How do you and other members of your community experience the place in which you live? Over the course of three days in December, a group of 7th grade students from Washington Global Public Charter School took on this question, developing responses and their journalism skills through writing descriptively, meeting a professional journalist, and conducting interviews on the streets of DC.
"The wind is so brutal down in a specific part of DC: L’Enfant Plaza, where the trees reveal their nakedness and people walk quickly, trying to get warmth," wrote 7th grader Danae as part of her final reporting project. "I had to agree myself that it was quite chilly when I was interviewing."
The students were participating in a workshop, called “Walk Like a Journalist,” which was developed in 2016 as part of the DC Arts and Humanities Education Collaborative’s Arts for Every Student Program and is available in schools throughout the DMV (email firstname.lastname@example.org).
On day one, students learned about the Out of Eden Walk, National Geographic Fellow Paul Salopek’s journey from Ethiopia to Tierra del Fuego on foot to experience and document the world in a more detailed, nuanced way. Students were asked to adopt Paul’s methodology, slowing down and drawing out the details and the feeling of images from the Out of Eden Walk. In examining this milestone (a multimedia snapshot Salopek creates every hundred miles along his walk), students were challenged to more deeply describe the “watermelons” in the image. As students applied slow journalism skills, the watermelons became “green, striped, globed, sweet,” and “stacked three high on the sunny dirt.” Students identified the feeling of images in other milestones, learning both how photographers can use their subjects, lighting, angle, and more to tell a story with a picture and how viewers can interpret those pictures differently based on their perspectives.
For their second day, students got out of the classroom and hopped on a bus to the Pulitzer Center’s office near Dupont Circle. There, they met Kathryn Carlson, a Pulitzer grantee and National Geographic video producer who screened her film about the treatment of widows in Uganda. By describing how she connected with her subjects, Carlson showed students how journalists can “operate as windows” into others’ lives. To convey the truth about a person, Carlson said, they must be equipped with a crucial tool: the interview. After practicing how to conduct a meaningful interview with Carlson and with their classmates, students strode into the cold afternoon to practice their new skills with strangers in Dupont Circle. “I’m nervous talking to people but excited to learn more about them,” said student Kennedy W.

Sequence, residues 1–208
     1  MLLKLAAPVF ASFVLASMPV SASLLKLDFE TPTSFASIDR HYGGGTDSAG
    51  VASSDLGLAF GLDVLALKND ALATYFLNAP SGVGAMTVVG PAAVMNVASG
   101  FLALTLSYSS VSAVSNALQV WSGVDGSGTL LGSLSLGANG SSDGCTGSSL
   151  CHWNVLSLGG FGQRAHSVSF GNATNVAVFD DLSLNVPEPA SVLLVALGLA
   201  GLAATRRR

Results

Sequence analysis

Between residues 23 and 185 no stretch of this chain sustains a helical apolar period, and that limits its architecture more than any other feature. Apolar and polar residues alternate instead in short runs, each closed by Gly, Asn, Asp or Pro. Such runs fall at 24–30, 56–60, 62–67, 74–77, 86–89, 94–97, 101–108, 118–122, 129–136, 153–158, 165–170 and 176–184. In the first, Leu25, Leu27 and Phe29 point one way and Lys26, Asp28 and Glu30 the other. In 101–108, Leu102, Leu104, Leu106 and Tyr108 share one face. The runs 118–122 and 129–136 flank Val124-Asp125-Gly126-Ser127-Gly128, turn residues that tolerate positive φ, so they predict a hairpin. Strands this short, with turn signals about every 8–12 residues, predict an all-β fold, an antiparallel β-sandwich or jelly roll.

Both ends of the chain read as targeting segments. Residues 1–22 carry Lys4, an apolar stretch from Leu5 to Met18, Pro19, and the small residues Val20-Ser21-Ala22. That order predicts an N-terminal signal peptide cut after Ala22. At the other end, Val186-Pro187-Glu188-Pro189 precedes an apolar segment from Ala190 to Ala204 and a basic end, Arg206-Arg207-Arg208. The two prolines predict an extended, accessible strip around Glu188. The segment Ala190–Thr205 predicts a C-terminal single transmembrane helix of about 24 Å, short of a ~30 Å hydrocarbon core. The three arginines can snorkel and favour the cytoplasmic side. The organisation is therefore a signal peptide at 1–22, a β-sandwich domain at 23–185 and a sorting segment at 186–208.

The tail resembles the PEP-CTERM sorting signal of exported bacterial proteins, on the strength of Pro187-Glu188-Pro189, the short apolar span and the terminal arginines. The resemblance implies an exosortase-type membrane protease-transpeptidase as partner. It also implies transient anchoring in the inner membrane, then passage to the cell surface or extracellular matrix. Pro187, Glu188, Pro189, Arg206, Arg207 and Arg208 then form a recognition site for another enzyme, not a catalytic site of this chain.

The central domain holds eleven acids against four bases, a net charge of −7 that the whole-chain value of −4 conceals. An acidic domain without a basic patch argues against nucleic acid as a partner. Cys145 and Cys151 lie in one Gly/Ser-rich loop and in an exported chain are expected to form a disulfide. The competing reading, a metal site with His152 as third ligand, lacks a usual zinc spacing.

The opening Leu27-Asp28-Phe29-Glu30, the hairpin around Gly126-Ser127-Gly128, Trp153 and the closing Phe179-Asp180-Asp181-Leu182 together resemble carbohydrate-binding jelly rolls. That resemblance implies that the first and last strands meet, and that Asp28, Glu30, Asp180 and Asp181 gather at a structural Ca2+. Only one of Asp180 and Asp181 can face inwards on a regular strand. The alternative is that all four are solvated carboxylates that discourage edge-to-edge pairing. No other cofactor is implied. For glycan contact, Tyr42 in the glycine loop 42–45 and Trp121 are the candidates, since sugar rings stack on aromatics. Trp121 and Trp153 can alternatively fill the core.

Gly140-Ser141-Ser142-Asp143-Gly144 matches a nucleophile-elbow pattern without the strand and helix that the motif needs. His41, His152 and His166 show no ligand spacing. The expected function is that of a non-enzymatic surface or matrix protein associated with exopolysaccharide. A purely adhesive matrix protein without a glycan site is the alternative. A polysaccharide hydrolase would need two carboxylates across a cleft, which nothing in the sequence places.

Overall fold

Students made their own contributions to the Out of Eden Walk on the third and final day. After applying their slow journalism techniques and interview skills in the blocks surrounding their school, which is close to L’Enfant Plaza, they penned creative milestones that captured the feeling of their neighborhood. The students’ milestones—text and photography—can be viewed below.
The wind is so brutal down in a specific part of DC: L’Enfant Plaza, where the trees reveal their nakedness and people walk quickly, trying to get warmth. I had to agree myself that it was quite chilly when I was interviewing. Fakry, a person who we interviewed, was trying to get a business going for her food truck. “This area is good to sell food for the summer, but not for the winter.”
The freezing icy, dicing weather with changing colors and a mix of trees. People having fun. We went up to a food truck and met Mamdouh. He said he was from Egypt. He does not like the weather. “The area is better in summer.”
Today was a nightmare with a little swish of cold air. It was like a dream, but without Frosty the Snowman. There were no birds or clouds, just the plain, plastic sky.
It was cold. Food is in the air. People walking in the metro. Scott was very cool. His motto was “Never give up.” We got rejected but we didn’t give up. Friends all around. They’re in the way of the landscape. All the people everywhere, cars, motors. People talking. I smell fries, burgers, and chicken. It smells nice. That motto still in my head. “Never give up.”
Gust of winds, people walking, talking. Some even eating and drinking. Food trucks lined up like a grade school line. An area of diversity. Some people speak, some don’t, but the new experience is all that matters.